Daniel Peirce

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Daniel Peirce
Born(1959-05-21)May 21, 1959
Washington, D.C.,
United States
Known forPhotography

Daniel William Peirce (born May 21, 1959) is an American photographer, author, entrepreneur and philosopher, best known for his fine art photography representing the style and design of the motorcycle engine.

Peirce completed a decade-long portfolio of photographs titled The Up-N-Smoke Engine Project, resulting in a photography book The Fine Art of the Motorcycle Engine,[1] studying the light, shadows and graphic nature of motorcycle engines.

Known in the industry as "Lord of Light, Master of the Pixel",[2] Peirce's style emphasizes utilizing the natural occurrences of shape, shadow, and highlights found in manufactured materials and highlighted by his studio photography techniques.

Personal life[edit]

Peirce was born May 21, 1959, in Washington D.C, the third of four children of Margaret Daniels. His father Frank Peirce Sr, a career soldier in the United States Air Force, eventually led to the family’s relocation to Universal City, Texas when Peirce was four years old. Peirce began his study of photography at Samuel Clemens High School, and continued in that profession after graduation, despite the recommendation of the high school counselor that he consider plumbing. He decided to pursue photography after graduating from high school and completed the School of Modern Photography correspondence course in 1979.

While developing his personal photography skills and style, he met a University of Texas graduate, Pamela Anne Mitchell. The two were married December 6, 1980 in a ceremony in San Antonio, Texas. They have two daughters, Elizabeth (1983) and Catherine (1988).

In 1985, the family moved from Universal City to Dallas-Fort Worth. In 1992, they moved again to the Hawaiian island, Oahu where they lived for three years before returning to DFW.

Having ridden motorcycles in his teens, Peirce picked up his hobby of motorbikes again at 38 years old. He rebuilt a free 1972 Honda CL350 basket-case and started riding again. A few years later, he would buy a 1978 Honda CB750 that would become his daily rider, the Landshark.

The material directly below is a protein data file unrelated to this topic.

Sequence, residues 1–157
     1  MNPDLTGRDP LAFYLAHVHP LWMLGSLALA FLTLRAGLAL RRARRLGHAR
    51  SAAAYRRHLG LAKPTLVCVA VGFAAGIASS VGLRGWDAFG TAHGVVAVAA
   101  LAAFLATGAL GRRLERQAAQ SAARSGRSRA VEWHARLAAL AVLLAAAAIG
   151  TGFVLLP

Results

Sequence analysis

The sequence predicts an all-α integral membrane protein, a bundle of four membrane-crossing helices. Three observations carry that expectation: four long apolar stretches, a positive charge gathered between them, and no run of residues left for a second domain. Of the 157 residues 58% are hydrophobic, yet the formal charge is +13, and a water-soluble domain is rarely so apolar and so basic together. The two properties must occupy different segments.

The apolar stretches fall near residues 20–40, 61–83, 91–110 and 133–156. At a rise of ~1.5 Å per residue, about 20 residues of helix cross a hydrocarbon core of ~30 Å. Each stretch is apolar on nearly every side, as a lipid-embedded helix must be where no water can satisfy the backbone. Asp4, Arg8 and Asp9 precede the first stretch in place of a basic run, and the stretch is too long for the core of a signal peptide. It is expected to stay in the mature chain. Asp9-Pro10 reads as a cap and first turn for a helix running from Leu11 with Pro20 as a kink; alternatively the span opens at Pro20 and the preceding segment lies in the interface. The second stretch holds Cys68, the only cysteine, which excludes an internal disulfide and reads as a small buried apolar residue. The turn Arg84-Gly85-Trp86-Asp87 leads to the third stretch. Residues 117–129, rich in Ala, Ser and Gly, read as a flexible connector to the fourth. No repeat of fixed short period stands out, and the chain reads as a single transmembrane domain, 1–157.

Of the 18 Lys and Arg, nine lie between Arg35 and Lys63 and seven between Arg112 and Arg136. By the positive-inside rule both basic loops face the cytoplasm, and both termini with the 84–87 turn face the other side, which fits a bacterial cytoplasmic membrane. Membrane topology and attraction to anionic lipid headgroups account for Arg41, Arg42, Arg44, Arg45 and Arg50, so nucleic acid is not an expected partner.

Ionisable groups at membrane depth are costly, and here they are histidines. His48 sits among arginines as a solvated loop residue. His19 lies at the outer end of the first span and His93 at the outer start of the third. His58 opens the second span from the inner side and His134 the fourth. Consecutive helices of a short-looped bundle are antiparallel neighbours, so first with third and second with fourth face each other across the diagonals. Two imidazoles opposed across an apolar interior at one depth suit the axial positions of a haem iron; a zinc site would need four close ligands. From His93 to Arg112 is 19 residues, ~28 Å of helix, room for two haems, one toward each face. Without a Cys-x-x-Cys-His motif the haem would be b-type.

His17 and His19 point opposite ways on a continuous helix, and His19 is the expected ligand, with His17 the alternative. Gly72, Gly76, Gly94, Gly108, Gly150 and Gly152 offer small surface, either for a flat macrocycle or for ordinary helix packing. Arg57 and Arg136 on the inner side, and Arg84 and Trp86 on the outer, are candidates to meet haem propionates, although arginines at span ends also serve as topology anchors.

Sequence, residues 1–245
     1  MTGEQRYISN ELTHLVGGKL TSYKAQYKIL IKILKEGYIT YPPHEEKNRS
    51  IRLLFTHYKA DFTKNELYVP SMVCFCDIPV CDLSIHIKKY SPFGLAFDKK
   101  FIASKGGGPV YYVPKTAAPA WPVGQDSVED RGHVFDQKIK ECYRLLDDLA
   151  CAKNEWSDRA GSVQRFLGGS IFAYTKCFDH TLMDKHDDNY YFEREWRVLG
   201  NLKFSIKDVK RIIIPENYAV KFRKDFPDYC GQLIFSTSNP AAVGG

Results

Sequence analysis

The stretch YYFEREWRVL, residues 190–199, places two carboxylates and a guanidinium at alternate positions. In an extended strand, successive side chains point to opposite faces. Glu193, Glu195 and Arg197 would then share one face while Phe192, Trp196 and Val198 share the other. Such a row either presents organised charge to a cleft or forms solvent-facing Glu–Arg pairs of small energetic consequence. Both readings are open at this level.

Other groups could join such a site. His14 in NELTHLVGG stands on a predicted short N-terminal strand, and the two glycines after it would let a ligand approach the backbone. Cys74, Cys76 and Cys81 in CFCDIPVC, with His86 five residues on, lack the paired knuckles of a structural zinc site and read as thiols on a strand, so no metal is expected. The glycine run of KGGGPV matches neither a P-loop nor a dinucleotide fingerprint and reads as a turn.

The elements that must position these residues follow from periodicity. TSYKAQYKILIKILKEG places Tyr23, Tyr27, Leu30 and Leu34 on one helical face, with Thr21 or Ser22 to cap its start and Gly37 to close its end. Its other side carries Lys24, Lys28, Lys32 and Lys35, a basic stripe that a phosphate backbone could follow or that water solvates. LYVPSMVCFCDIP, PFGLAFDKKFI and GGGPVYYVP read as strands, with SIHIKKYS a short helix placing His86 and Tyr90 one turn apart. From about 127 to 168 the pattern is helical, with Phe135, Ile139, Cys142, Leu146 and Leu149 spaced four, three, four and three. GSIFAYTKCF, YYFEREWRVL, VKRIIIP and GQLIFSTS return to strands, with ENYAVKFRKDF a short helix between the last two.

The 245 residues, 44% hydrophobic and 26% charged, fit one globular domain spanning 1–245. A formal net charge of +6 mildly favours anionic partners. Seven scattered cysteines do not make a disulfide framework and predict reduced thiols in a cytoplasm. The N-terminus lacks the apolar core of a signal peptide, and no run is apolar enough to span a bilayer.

Daniel Peirce is a current member of the Peckerhead Motorcycle Racing club, a local motorcycle riding organization founded in Keller, Texas.

Peirce now lives with his wife of 30 years in Grapevine, Texas. He continues his passion of rebuilding vintage motorbikes and is currently working on a 1968 Harley Davidson Sprint.


Since 1979, Daniel Peirce has worked in nearly every field of professional photography, including police forensic photography, wedding and portrait photography, photo lab management, and professional photography instruction. During the last 16 years, the majority of his work as an artist has been in commercial photography, concentrating on the motorcycle equipment and apparel industry. Peirce's current and longest-held position is as the head photographer for Tucker Rocky and Biker's Choice Distributing, producing images for their motorcycle parts, accessories and apparel catalogs, which are the largest of their kind in the nation.

Past career highlights include: 1991 Louis Daguerre trophy from the Professional Photographers of America, 1995 President of the Corporate Imaging Association, 2009 chosen as official photographer for the Old Indians Never Die International Indian Motorcycle Rally[3] in Traquair, Scotland.

Trick Photography[edit]

In the year 2000, Peirce founded Trick Photography, a personal business in which he produces images and articles for motorcycle publications and individual clients. His work has appeared in every major motorcycle magazine in the nation including: Cycle World, Motorcycle Classics and the Robb Report. The original Trick Photography business model centered on providing professional portrait services that allowed vintage vehicle owners to pose alongside their machines. This artistic endeavor led Peirce to develop an increased appreciation for the aesthetic of the motorcycle itself, and its potential as the subject for fine art photography.

Up-N-Smoke project[edit]